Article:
A Brief History of Russia


Russia is the largest independent state in the world, occupying an area more than twice the size of the United States. During the Cold War, Russia has aggressively interjected itself in other nations, and has even been known to interfere in the U.S. and other western countries. While Russia may be one of the most repressive states in the world, it still seeks to influence global policy through its political, military, and economic interventions.

In the twentieth century, the Russian Empire became the Soviet Union. This empire included the areas of Central and Eastern Europe and the Caucasus Mountains. It was a totalitarian government. The Soviet government was led by Josef Stalin, who pushed for a rapid industrialization and a dramatic weakening of religion. Thousands of church officials were killed.

As part of the Soviet era, Russia’s population grew steadily. However, during wartime, it experienced periods of famine. Even with the economy improving, the average citizen faced a lot of unemployment. Many older people watched their life savings dwindle. Eventually, many families were unable to afford to buy their own homes.

Before the Soviet era, Russia was a diverse empire. People spoke many languages and worshiped different gods. Eventually, the country’s official religion was the Russian Orthodox Church. Although the Orthodox Church remains the most prominent, there are other religions practiced by about 15 percent of the population.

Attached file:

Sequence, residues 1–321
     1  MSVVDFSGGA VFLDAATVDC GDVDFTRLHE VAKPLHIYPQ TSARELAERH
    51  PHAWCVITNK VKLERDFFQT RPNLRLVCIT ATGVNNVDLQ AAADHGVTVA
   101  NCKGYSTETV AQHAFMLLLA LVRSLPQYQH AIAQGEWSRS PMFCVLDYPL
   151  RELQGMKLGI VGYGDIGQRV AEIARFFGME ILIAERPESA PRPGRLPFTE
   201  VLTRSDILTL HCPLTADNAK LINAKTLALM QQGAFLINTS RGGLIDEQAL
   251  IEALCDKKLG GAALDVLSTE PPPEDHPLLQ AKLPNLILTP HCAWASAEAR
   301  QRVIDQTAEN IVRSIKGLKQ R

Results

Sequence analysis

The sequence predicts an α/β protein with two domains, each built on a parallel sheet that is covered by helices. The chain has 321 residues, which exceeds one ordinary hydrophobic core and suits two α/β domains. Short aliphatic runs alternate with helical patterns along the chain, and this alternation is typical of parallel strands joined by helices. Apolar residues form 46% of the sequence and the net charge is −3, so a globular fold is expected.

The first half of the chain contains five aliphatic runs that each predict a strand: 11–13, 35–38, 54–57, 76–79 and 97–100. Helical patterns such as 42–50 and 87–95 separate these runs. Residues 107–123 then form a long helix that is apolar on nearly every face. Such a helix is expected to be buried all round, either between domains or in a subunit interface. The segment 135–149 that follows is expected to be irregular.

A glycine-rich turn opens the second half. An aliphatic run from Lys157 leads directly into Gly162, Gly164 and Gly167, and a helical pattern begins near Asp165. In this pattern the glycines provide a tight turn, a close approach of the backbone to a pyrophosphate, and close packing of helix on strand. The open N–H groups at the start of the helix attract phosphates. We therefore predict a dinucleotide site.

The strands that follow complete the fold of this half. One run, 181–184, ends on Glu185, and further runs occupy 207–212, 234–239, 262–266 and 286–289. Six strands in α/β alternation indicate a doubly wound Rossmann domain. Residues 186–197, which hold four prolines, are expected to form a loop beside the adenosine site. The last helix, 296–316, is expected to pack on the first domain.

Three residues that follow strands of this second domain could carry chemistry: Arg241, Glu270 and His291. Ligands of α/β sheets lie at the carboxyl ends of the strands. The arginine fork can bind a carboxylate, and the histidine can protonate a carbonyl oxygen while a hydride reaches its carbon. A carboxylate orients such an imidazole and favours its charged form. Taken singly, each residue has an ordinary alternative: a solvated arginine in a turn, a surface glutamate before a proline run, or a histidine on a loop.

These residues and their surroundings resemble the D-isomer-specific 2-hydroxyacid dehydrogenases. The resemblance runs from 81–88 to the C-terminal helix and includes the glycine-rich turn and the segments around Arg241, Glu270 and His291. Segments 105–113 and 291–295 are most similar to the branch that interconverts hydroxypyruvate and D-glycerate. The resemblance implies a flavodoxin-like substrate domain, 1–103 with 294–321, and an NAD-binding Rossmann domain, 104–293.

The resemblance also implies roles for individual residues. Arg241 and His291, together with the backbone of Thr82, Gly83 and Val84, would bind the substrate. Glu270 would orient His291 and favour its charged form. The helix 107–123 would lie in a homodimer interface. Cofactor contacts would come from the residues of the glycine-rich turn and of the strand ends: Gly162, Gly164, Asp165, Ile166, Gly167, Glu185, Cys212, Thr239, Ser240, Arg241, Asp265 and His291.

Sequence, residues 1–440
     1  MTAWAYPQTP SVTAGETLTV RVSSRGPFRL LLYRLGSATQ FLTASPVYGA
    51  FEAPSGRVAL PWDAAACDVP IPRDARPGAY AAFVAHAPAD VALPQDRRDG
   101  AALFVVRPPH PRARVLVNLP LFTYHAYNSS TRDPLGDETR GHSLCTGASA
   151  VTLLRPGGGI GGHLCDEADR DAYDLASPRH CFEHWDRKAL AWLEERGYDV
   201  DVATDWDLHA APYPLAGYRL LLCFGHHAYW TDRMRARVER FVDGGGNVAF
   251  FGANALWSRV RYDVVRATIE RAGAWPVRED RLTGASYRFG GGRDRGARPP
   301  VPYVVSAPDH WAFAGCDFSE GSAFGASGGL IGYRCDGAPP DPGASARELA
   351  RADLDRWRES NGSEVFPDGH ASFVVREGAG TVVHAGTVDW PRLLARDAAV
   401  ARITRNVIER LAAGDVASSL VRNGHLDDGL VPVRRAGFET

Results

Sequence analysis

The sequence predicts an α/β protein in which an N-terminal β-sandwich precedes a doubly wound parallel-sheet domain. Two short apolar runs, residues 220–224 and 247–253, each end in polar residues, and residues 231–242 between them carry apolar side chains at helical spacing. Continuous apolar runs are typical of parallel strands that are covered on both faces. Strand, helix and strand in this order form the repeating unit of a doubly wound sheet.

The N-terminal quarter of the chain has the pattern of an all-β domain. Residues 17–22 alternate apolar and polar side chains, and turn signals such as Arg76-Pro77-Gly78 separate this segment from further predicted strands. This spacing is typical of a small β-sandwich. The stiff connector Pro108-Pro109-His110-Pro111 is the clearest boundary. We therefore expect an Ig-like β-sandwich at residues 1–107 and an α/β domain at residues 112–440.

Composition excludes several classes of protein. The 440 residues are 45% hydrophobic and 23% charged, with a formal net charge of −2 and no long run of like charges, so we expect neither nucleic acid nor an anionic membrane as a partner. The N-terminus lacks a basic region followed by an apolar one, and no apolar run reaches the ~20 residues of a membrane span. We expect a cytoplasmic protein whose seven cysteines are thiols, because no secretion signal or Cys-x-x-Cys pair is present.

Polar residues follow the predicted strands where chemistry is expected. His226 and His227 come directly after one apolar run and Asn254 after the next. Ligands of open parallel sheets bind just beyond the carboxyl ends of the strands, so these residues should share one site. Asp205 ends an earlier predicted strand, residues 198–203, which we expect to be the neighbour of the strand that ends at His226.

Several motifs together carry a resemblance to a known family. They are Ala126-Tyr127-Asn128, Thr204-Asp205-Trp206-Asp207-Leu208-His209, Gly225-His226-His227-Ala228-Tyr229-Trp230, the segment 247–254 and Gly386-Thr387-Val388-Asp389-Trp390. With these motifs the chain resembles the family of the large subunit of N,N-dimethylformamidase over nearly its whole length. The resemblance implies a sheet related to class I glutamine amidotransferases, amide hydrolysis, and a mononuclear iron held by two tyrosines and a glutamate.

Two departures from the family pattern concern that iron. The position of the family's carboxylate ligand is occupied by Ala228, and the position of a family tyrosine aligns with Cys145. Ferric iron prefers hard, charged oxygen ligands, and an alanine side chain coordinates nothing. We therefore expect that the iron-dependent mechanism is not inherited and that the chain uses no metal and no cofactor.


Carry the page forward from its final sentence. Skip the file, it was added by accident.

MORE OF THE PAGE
The first ruler of Russia was Ivan IV of Moscow. His older brother Peter the Great also worked to make Russia more modern. Following his death, the Russian Empire expanded southward into the Caucasus.

Eventually, the Empire expanded into Finland and Central Asia. This expansion set the stage for a confrontation with Japan. Since then, Russia has become more and more repressive. In fact, the authorities are keen on reining in the influence of global Internet giants. A new law gives the government control over internet traffic, and has enhanced censorship.

During the Cold War, the United States and other western nations were reluctant to support Russia. Many felt that the United States should have concentrated more on fostering geopolitical pluralism in the rest of the former Soviet Union. Rather than pursue a single goal, the US should have been working to create more democracy and a diversified geopolitical landscape throughout the country.

After the Soviet era, the United States and other western nations imposed severe economic costs on the nation. Russia’s value of the ruble fell rapidly. Its banking system was targeted by the U.S. and some European countries, which subsequently blacklisted Russia’s central bank. They restricted its access to foreign markets and banned some of its banks from the SWIFT network. These sanctions will affect Russia’s ability to access global markets, as well as its cutting edge technology.

Russia is a complex and asymmetrical federation. It extends over large portions of Siberia and the Russian Far East. But its main core is in the European portion of the country, where its capital city, Moscow, is located. Some of its bordering nations include Estonia, Latvia, and Norway.